John Marcellus Huston was an American film director, screenwriter and actor.
91 Facts About John Huston
John Huston wrote the screenplays for most of the 37 feature films he directed, many of which are today considered classics, including The Maltese Falcon, The Treasure of the Sierra Madre, The Asphalt Jungle, The African Queen, The Misfits, Fat City, The Man Who Would Be King and Prizzi's Honor.
John Huston directed both his father, Walter Huston, and daughter, Anjelica Huston, to Oscar wins.
John Huston then moved to Mexico and began writing, first plays and short stories, and later working in Los Angeles as a Hollywood screenwriter, and was nominated for several Academy Awards writing for films directed by William Dieterle and Howard Hawks, among others.
John Huston explored the visual aspects of his films throughout his career, sketching each scene on paper beforehand, then carefully framing his characters during the shooting.
Some of John Huston's films were adaptations of important novels, often depicting a "heroic quest," as in Moby Dick, or The Red Badge of Courage.
John Huston continued to take prominent supporting roles for the next two decades, including 1974's Chinatown, and he lent his booming baritone voice as a voice actor and narrator to a number of prominent films.
John Huston was a citizen of the US by birth but renounced this to become an Irish citizen and resident in 1964.
John Huston later returned to the US, where he lived the rest of his life.
John Huston was born on August 5,1906, in Nevada, Missouri.
John Huston was the only child of Rhea and Canadian-born Walter Huston.
John Huston's father was an actor, initially in vaudeville, and later in films.
John Huston's mother worked as a sports editor for various publications but stopped after John was born.
John Huston later became highly successful on both Broadway and then in motion pictures.
John Huston's parents divorced in 1913 when he was six years old.
Young John Huston benefited greatly from seeing his father act on stage, and he was later drawn to acting.
John Huston recovered after an extended bedridden stay in Arizona and moved with his mother to Los Angeles, where he attended Abraham Lincoln High School.
John Huston dropped out after two years to become a professional boxer.
John Huston ended his brief boxing career after suffering a broken nose.
John Huston engaged in many interests, including ballet, English and French literature, opera, horseback riding, and studying painting at the Art Students League of Los Angeles.
John Huston returned to New York City to live with his father, who was acting in off-Broadway productions, and had a few small roles.
John Huston later remembered that while watching his father rehearse, he became fascinated with the mechanics of acting:.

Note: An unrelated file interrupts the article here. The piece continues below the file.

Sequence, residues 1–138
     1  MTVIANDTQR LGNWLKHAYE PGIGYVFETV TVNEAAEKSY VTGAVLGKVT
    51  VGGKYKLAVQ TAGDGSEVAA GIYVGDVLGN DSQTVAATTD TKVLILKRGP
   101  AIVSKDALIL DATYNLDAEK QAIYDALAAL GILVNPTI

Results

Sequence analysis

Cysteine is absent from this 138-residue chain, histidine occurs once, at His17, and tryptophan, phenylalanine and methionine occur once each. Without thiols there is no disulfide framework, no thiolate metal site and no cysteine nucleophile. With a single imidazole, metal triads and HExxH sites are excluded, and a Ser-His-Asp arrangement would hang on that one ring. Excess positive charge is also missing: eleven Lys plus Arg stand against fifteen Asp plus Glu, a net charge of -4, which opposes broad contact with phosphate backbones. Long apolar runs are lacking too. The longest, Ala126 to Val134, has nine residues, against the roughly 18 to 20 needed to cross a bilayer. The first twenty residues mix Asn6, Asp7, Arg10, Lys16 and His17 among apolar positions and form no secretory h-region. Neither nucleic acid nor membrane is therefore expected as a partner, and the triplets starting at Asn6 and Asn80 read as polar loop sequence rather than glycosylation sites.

John Huston returned to Los Angeles and married Dorothy Harvey, a girlfriend from high school.
John Huston worked for a period on the New York Graphic.
John Huston's father had earlier moved there and already gained success in a number of films.
John Huston received a script editing contract with Samuel Goldwyn Productions but, after six months of receiving no assignments, quit to work for Universal Studios, where his father was a star.
Wyler and John Huston became close friends and collaborators on a number of leading films.
John Huston gained a reputation as a "lusty, hard-drinking libertine" during his first years as a writer in Hollywood.
John Huston described those years as a "series of misadventures and disappointments".
John Huston suffered head trauma and Huston was charged with driving while intoxicated.
John Huston was nominated for Academy Awards for his screenplays for both Ehrlich and Sergeant York.
John Huston persuaded Warners to give him a chance to direct, under the condition that his next script became a hit.
However, studio head Jack L Warner approved of Huston's treatment of Hammett's 1930 novel, and he stood by his word to let Huston choose his first subject.
John Huston kept the screenplay close to the novel, keeping much of Hammett's dialogue, and directing it in an uncluttered style, much like the book's narrative.
John Huston did unusual preparation for his first directing job by sketching out each shot beforehand, including camera positions, lighting, and compositional scale, for such elements as closeups.
John Huston especially benefited by selecting a superior cast, giving Humphrey Bogart the lead role.
In 1942 John Huston served in the United States Army during World War II, making films for the Army Signal Corps.
John Huston performed an uncredited rewrite of Anthony Veiller's screenplay for The Stranger, a film he was to have directed.
When John Huston became unavailable, the film's star, Orson Welles, directed instead; Welles had the lead role of a high-ranking Nazi fugitive who settles in New England under an assumed name.
John Huston gave a supporting role to his father, Walter John Huston.
Also in 1948, John Huston directed Key Largo, again starring Humphrey Bogart.
John Huston was annoyed that the studio cut several scenes from the final release without his agreement.
Some critics felt that, by this technique, John Huston had achieved an almost "documentary" style.
John Huston had a great eye and he never lost his sense of composition.
The film succeeded at the box office, and John Huston was again nominated for an Oscar for best screenplay and best director, along with winning the Screen Directors Guild Award.